When in this state the motor is rotated in reverse, to thereby rotate the planetary lever 175, the reverse rotation planetary gear 177 meshes with the second partially-toothed gear 178 b in the manner as shown in FIG. 11. The torque of the sun gear 174 is transmitted from the reverse rotation planetary gear 177 to the second partially-toothed gear 178 b and from the fourth partially-toothed sear 178 d to the cap gear 186. The cap holder 132 starts lowering by the cam mechanism 187 (point in time t7). As shown in FIGS. 12 and 13, the cap 131 gradually departs from the nozzle formation face of the print head 18.

When the cap gear 186 has been disengaged from the fourth partially-toothed gear 178 d upon reaching a toothless portion thereof, the cap gear 186 runs idly. As shown in FIG. 14, the cap holder 132 stops lowering. At this time, the capping unit 130 is situated in the lowermost end position. The cap 131 remains in an “open” state; that is, a non-capped state (point in time t6).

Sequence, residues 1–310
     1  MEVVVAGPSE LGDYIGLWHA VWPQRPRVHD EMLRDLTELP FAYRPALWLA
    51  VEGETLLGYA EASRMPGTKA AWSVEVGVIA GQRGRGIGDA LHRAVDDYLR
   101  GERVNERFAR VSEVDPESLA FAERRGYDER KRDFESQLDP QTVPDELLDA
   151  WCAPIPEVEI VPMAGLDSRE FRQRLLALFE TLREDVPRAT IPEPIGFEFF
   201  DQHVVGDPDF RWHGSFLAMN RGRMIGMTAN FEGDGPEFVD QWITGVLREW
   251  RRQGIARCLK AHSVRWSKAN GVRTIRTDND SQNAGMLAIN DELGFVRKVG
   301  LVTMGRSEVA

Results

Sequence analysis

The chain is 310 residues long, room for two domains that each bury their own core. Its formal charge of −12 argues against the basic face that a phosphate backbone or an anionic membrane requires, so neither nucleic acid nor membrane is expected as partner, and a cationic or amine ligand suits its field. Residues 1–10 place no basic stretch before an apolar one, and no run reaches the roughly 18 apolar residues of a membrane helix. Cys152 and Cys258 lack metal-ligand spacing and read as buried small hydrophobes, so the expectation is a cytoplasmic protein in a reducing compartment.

When the motor rotates in reverse, to thereby rotate the torque transmission gear 172, the torque of the sun gear 174 is transmitted from the reverse rotation planetary gear 177 to the second partially-toothed gear 178 b and from the third partially-toothed gear 178 c to the wiper gear 181 in the manner shown in FIGS. 14 and 15. The lever 182 is then pivoted, and the wiper holder 112 starts moving in the leftward direction in the drawing by the cam mechanism 183 (point in time t5). Then, the wiper 111 wipes away the noble formation face of the print head 18.

When the wiper gear 181 has been disengaged from the third partially-toothed gear 178 c upon reaching a tooth-toothed portion thereof, the wiper gear 181 runs idly. As shown in FIG. 16, the wiper holder 112 stops moving. At this time, the wiping unit 110 is situated in the leftmost position in the drawing, and the wiper 111 remains in a “set” state; that is, a state in which the wiper 111 has finished wiping operation in the leftward direction in the drawing (point in time t4).